Hewlett-Packard obtained the telephone records of nine reporters as part of its internal probe of information leaks, the company confirmed Thursday.
[ Talkback: The HP board brouhaha and 'pretexting' ]
The company sent the list of the nine reporters to the Office of the Attorney General of the State of California, in response to the Attorney General's inquiries.
"HP is dismayed that the phone records of journalists were accessed without their knowledge, and we are fully cooperating with the attorney general's investigation," said company spokesman Ryan Donovan.
In an Aug. 31 filing with the U.S. Securities and Exchange Commission (SEC), HP admitted that an outside investigator had used "pretexting," a technique in which an investigator may obtain information by disguising their identity. HP's internal investigation was sparked by what the company said were "multiple leaks of confidential HP information," including discussions by the board of directors, HP said in the SEC filing.
At a May 18 board meeting, HP board members asked fellow director George A. Keyworth II to resign, as a source of those leaks. He declined, but Thomas J. Perkins did resign over a dispute with HP's Nonexecutive Chairman Patricia Dunn over the investigation's handling, the company said.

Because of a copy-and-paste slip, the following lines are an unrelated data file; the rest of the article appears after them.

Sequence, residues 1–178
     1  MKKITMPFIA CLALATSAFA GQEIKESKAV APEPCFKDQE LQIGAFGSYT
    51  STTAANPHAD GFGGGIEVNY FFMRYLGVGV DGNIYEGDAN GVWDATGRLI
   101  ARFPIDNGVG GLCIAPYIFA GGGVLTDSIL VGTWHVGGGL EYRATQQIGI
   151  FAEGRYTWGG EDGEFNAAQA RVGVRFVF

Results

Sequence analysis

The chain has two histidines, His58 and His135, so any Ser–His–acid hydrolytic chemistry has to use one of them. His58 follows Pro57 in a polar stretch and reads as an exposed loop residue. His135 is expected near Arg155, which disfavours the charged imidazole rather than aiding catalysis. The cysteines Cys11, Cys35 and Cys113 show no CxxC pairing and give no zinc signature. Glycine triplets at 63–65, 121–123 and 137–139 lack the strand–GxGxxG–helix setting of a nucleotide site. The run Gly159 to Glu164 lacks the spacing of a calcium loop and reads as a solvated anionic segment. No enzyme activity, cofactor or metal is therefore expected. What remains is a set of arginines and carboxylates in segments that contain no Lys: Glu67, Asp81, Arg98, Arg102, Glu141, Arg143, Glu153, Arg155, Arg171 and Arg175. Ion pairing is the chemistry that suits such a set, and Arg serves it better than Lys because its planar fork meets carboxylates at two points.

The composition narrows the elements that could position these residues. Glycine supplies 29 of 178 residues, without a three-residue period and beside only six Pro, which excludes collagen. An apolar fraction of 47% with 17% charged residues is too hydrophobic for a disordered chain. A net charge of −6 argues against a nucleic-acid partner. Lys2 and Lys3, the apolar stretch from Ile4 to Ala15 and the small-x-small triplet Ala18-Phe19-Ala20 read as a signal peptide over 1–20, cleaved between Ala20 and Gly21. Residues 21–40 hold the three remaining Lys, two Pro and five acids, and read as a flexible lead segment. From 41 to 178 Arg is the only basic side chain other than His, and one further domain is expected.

The California Attorney General has asked HP for information about techniques used in the leak investigation, while the SEC is making inquiries into a filing HP made when Perkins resigned.
HP's Donovan confirmed reports that among the journalists whose phone records were accessed were a reporter from The Wall Street Journal and a reporter from CNet Networks. He declined to name the other reporters. The Wall Street Journal and CNet published reports including leaked information from board meetings. The leaks to the Wall Street Journal included information about discussions leading up to the firing of Chief Executive Officer Carly Fiorina last year.
The Attorney General's office declined to name the reporters on the list handed over by HP.
(Additional reporting by Stephen Lawson in San Francisco.)